Two elderly gentlemen with Alzheimer’s disease lived together in a nice little flat. One of the men heard the sound of an ice cream van. He turned and said to the other man, “would you like anything from the ice cream van “. The other man replied “oh I’ll have and ice cream cone thanks but you better write that down cos I know what you’re like you’ll forget”. “No, no I won’t forget” said the first man and left to go to the ice cream van. Whilst he was leaving the second man shouted from the window
“Hey get me a chocolate flake as well, and write it down before you forget”. “I won’t I won’t” replied the first man. The second man then shouted again “oh yeah and some 100 and 1000’s and monkeys blood now you better write that down as I know you will forget that” Yet again the first man promised he would not forget and made his way to the ice cream van. Three hours passed and the first man eventually returned and gave the other man a mince pie in which he questioned “Where’s my chips”?
Although it is very easy to make fun and make up jokes about a disorder or disease as I have done here, but the actual truth and the real nature of suffering with Alzheimer’s disease is no joke at all. In this essay I am going to discuss the aetiology, pathology, and physiological response to a sufferer of this disease. History of a world of forgetfulness.
The case of a 51 year old woman who was suffering severe memory problems, confusion, unexplained paranoia and eventually profound dementia was presented by German psychiatrist Dr. Alois Alzheimer, (Mera S L 1997). After her death Alzheimer carried out an autopsy on her brain. He described degenerated nerve cells in the cortical areas of the brain; the dead neurons produced a number of neuritic plaques.
The inside of the nerve cell were twisted bands of fibres known as neurofibrillary tangles. Although the symptoms were first described by Emil Kraepelin the professor Alzheimer was working with, it was Alzheimer that first observed and described the characteristic neuropathology. It was then Kraepelin made the decision to name the disease after Alzheimer. Most of the last century Alzheimer’s disease was only referred to middle aged people whom presented symptoms of pre-senile dementia; this was considered to be a normal outcome of ageing.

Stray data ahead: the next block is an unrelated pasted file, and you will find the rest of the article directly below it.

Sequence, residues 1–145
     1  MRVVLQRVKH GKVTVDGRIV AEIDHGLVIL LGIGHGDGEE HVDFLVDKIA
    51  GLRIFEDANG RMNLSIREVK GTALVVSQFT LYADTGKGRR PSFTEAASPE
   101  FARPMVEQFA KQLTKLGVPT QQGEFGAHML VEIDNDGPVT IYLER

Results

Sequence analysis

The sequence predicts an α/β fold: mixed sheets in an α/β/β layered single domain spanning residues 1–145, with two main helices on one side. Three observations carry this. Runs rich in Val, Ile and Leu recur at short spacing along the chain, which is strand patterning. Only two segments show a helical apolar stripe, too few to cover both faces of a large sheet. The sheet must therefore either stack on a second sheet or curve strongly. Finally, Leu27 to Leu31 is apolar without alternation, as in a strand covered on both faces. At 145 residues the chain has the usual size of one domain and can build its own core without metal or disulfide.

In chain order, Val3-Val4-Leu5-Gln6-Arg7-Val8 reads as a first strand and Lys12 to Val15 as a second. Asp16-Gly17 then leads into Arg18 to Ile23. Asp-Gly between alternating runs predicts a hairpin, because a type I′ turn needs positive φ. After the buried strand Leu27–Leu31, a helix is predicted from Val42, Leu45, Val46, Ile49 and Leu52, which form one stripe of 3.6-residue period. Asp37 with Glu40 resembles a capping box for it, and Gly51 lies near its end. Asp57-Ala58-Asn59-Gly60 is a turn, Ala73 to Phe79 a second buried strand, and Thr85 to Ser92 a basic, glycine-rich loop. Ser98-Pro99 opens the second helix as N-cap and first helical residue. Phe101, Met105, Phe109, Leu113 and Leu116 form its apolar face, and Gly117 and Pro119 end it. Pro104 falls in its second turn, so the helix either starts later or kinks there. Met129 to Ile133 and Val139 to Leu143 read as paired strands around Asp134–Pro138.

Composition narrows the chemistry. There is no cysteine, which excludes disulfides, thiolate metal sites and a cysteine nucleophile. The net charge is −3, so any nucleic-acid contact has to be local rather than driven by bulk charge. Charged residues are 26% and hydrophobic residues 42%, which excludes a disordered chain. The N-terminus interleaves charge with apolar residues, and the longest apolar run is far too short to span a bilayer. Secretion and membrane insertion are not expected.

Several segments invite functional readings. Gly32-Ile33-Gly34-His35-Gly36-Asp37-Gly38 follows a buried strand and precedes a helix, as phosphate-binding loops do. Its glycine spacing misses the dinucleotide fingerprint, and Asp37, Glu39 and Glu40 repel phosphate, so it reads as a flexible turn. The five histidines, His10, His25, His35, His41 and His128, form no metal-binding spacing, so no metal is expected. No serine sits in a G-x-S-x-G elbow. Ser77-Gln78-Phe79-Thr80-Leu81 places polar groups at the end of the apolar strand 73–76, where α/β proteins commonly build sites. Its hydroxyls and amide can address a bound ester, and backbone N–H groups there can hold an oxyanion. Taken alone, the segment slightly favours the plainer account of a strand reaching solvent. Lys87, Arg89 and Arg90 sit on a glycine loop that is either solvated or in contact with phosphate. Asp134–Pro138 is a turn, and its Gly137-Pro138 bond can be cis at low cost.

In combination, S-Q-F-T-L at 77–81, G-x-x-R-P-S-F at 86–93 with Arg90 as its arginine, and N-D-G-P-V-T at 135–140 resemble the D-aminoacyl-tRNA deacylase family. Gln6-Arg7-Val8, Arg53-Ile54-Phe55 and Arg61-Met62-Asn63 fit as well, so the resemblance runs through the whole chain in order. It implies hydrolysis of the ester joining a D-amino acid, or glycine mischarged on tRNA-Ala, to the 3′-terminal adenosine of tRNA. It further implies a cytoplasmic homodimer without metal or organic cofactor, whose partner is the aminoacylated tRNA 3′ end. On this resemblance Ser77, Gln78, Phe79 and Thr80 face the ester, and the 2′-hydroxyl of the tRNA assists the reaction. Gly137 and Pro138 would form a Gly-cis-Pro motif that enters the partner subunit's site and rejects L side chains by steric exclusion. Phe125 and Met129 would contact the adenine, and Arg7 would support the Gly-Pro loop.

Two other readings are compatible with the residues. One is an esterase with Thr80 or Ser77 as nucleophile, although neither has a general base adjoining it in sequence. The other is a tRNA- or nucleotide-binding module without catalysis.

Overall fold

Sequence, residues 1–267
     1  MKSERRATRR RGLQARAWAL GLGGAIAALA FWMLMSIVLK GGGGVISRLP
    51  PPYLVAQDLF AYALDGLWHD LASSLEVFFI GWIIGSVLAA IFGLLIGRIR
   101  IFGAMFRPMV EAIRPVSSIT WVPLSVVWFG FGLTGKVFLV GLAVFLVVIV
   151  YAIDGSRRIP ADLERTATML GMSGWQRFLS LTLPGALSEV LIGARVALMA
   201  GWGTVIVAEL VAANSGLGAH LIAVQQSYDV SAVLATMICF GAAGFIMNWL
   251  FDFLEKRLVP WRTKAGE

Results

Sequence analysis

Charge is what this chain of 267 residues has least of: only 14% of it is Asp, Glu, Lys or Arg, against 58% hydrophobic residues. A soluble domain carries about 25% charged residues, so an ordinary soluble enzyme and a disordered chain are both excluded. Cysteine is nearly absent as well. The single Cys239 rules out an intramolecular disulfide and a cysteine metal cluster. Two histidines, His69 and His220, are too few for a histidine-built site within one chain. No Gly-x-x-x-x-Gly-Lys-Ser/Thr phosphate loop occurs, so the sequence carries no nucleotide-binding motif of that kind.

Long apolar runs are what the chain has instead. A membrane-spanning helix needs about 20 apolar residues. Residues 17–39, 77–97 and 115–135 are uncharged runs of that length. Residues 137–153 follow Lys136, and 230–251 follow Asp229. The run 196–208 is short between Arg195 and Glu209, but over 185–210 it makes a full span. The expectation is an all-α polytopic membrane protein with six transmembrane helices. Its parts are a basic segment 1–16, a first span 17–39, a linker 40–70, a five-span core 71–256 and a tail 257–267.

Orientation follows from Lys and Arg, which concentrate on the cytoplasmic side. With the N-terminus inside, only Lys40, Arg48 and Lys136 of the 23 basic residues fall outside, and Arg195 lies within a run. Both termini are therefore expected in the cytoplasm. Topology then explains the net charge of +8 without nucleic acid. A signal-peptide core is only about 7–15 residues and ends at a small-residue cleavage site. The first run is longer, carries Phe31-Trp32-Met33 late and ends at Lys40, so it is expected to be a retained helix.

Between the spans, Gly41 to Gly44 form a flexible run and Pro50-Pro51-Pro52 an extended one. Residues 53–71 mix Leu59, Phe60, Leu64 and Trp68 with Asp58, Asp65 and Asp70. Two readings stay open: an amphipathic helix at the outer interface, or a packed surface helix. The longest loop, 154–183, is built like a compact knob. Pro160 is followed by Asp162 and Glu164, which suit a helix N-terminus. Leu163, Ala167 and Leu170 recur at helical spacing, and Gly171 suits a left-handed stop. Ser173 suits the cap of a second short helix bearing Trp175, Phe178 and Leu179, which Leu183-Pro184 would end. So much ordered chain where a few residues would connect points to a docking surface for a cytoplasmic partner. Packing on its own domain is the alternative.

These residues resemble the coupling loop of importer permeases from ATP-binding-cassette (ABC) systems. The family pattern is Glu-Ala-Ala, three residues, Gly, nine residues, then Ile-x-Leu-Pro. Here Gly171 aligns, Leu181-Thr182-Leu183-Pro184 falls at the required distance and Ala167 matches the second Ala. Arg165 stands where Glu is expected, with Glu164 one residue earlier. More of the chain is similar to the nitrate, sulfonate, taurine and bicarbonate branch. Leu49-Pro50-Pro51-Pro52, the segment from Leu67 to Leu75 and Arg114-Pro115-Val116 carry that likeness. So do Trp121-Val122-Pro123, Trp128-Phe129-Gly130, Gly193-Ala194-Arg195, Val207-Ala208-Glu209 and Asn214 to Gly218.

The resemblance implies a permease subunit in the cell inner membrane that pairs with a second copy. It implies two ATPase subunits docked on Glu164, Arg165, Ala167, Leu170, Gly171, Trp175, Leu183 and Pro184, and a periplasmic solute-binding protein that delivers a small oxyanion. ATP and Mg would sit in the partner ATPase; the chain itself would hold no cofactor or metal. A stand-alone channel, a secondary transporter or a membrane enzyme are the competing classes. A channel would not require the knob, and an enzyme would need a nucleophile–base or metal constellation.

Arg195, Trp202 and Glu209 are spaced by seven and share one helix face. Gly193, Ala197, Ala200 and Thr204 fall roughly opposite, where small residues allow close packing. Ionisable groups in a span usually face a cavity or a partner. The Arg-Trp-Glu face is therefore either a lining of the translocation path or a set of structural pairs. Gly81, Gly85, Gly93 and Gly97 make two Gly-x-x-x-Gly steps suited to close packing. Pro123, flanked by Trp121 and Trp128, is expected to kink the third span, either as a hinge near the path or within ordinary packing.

However research throughout the 70’s and 80’s studies of the elderly showed that the lesions of a 50 year old sufferer were identical and in correlation with senile dementia in aged patients. It was the result of these studies that age has become the greatest risk factor of the development of the disease and a significant rise in the disease beginning at the age of 65 and above, (Smith and Perry 1998). Though there are other causes of dementia the diagnosis can still not defined without an autopsy.
If they forget how do we know? Though there are many different causes of dementia for example strokes, Parkinson’s disease, severe head trauma, and other causes such as drug use tumours and infection. Though shown in fig 1 Alzheimer’s disease actually accounts for 50% of all reported cases of dementia, (Mera S L 1997). Figure 1. Shows the percentage of causes of dementia.
Patients suffering with Alzheimer’s disease have the main symptoms of loss of recent memory (progressive amnesia), they begin to develop a difficulty in using and understanding words (aphasia), suffer with problems in carrying out normal movement tasks (apraxia) and then the development of problems recognising people’s face’s and objects (agnosia). As well as these main symptoms patients will also be likely to suffer from depression and become poor at time keeping and seem emotionless.
The long term memory of the patient seems intact and as a result sufferer’s spend there time dwelling on past memories. My Grand mother was a sufferer of Alzheimer’s and it was this that I found the hardest to deal with, when visiting her she never new who I was until I told her my name a hundred times. She would then turn around and ask why I was not at school. It was very difficult for her to comprehend that the little boy she was looking at was actually her 27 year old grandson. My Mother who cared for her until her death recalled she would always remember the dead people in her life and past events could be described vividly, but when it came to the daughter who was caring for her day after day my Grandmother couldn’t recognise her and always forget my Mothers name.
Even with symptoms like this patients are allowed to stay at home to prevent any distress that may be brought on by unfamiliar surroundings. However as there conditions deteriorate and there safety becomes an issue they are eventually institutionalised. After this the rate of progression of the disease will vary and it is normally a decade after diagnosis that the patient will die, (Mera S L 1997).